He followed me to the bathroom with a Robert Frost book in his hands. I cleaned his bathroom while he read poetry to me.
Please, sir, read it again.
My little horse must think it queer
To stop without a farmhouse near
Between the woods and frozen lake
The darkest evening of the year
I cleaned Mr. Paul’s house every Saturday morning. I needed money to buy food while I studied at the university.
My body was 21 years old and his was 52. I was hungry.
We had an arrangement:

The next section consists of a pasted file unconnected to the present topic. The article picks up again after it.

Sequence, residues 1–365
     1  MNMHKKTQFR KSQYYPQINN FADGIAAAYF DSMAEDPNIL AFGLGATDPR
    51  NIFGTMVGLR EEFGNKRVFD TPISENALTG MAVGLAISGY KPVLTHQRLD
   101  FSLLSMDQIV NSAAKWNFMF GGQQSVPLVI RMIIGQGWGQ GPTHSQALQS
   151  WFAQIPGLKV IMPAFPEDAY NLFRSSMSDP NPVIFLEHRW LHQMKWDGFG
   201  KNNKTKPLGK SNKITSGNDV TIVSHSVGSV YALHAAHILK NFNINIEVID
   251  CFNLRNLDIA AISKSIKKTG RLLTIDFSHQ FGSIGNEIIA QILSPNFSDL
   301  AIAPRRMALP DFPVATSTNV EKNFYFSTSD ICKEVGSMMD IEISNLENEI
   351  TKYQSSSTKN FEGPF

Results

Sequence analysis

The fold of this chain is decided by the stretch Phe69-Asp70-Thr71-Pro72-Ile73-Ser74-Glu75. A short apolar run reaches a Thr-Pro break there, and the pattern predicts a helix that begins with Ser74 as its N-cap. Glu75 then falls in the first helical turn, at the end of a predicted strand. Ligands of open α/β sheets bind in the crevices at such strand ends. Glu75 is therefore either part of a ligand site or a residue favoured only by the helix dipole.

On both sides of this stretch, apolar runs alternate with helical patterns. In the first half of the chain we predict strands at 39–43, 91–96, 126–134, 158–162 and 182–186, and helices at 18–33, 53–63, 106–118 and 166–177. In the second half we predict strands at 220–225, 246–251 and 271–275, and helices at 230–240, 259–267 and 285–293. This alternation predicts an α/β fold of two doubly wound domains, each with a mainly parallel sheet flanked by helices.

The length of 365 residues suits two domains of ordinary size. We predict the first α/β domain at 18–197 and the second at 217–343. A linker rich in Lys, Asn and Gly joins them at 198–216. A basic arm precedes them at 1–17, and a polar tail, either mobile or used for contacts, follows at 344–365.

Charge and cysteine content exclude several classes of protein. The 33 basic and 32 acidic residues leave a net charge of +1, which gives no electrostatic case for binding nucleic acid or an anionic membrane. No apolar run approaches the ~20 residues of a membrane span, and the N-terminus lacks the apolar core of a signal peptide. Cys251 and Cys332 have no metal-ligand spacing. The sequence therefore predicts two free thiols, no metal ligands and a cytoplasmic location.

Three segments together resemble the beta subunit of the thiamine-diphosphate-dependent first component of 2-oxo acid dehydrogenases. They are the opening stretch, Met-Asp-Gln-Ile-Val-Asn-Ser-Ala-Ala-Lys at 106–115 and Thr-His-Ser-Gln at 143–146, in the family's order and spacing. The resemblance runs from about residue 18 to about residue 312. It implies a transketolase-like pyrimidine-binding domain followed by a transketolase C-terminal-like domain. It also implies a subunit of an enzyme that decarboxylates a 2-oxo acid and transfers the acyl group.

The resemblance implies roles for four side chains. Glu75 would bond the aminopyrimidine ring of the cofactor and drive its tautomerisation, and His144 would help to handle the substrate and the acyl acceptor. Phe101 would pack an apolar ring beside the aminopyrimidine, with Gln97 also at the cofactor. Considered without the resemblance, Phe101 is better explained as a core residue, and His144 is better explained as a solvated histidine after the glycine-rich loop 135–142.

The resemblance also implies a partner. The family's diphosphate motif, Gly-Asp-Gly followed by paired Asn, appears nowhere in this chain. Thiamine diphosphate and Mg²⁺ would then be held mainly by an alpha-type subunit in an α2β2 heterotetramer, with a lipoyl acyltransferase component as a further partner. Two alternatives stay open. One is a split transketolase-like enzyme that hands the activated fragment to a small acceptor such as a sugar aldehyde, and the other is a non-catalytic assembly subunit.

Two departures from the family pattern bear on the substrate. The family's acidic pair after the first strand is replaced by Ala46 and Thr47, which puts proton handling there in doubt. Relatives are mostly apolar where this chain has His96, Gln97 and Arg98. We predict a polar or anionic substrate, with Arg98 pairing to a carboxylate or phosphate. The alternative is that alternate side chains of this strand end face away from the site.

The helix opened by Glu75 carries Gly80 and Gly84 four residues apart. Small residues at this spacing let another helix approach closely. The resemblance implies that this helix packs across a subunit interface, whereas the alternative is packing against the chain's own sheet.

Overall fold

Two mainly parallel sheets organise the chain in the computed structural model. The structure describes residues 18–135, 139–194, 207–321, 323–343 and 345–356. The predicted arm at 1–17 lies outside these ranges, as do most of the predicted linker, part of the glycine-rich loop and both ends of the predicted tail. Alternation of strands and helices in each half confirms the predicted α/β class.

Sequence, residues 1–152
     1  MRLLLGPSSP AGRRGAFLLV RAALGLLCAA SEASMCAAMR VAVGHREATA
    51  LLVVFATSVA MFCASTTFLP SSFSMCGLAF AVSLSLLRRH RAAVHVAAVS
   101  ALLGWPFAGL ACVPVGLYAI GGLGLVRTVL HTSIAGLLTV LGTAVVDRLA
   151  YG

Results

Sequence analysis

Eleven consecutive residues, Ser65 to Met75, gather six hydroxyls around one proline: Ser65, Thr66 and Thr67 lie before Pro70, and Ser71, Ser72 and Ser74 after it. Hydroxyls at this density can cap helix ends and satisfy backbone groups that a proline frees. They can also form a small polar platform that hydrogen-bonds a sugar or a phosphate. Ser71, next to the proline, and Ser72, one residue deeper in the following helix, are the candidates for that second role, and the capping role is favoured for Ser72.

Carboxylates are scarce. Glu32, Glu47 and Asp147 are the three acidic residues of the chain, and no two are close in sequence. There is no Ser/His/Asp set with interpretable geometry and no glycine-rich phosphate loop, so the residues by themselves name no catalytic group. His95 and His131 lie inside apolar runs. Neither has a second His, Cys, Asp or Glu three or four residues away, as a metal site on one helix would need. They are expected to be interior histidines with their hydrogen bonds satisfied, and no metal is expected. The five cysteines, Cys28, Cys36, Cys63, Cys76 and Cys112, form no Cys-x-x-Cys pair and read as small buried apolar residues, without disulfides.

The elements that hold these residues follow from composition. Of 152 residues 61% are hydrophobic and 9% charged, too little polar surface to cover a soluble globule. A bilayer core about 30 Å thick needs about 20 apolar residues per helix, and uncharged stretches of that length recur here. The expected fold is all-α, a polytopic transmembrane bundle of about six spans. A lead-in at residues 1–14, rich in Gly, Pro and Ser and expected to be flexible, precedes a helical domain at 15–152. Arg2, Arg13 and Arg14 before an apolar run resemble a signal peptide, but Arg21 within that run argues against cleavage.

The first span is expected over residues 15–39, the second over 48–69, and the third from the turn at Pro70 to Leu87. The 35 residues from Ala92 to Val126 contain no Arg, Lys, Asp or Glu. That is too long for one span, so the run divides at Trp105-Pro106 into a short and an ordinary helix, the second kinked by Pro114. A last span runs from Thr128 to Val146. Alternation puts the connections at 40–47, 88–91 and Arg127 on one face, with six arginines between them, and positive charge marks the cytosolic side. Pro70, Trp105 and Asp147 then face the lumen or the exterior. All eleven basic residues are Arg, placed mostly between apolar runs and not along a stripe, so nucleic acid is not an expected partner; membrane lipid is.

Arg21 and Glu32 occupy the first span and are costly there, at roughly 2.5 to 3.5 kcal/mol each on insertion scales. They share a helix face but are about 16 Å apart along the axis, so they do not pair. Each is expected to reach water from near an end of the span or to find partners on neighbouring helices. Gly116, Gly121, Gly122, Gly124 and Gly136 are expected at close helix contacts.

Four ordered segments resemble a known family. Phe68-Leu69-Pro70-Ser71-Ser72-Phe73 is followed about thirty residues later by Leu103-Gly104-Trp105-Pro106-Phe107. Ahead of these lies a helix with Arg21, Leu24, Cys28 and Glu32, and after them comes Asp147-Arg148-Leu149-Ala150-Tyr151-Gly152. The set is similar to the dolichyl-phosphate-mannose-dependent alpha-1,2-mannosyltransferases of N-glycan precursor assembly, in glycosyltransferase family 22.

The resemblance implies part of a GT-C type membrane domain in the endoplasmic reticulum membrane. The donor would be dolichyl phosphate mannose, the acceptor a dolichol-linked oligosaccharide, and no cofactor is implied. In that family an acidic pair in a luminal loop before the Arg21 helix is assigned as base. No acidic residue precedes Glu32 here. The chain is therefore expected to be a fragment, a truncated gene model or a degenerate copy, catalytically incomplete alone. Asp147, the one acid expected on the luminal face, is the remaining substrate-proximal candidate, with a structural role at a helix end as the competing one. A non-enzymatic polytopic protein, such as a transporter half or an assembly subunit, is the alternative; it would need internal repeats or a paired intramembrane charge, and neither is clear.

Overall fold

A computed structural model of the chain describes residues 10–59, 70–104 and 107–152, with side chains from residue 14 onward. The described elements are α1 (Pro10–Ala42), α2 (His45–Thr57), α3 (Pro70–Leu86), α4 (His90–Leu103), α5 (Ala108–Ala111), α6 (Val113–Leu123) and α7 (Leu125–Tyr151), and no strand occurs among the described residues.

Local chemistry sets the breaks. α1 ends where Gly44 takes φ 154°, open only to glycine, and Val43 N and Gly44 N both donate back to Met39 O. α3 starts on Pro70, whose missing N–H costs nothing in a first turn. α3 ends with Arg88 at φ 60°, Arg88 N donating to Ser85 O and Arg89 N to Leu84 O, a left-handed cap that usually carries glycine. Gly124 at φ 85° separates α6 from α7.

The kitchen was for history.
The living room was for politics.
The bathroom was reserved for poetry.
The bedroom for silence and bright yellow sheets.
Sometimes Mr. Paul treated me like a daughter. He fed me vegetarian meals. He gave me origami birds. He described an acid trip. He even tried to clarify Noam Chomsky for me. Other times, I just took orders from him to separate the colors and the whites.
One day I helped him fix his shirt’s collar. When I was done, he took my hand and kept it on his chest for a while. I felt myself on the landscape of his heart.
I went home because I knew the color oh his girlfriend’s toothbrush. I went home because I knew she slept on the right side of the bed.
I left with my hunger.
(please excuse the song, my jersey homeboy, bruce, understands)
Guiño a Plympton. [Flickr]
8 hours ago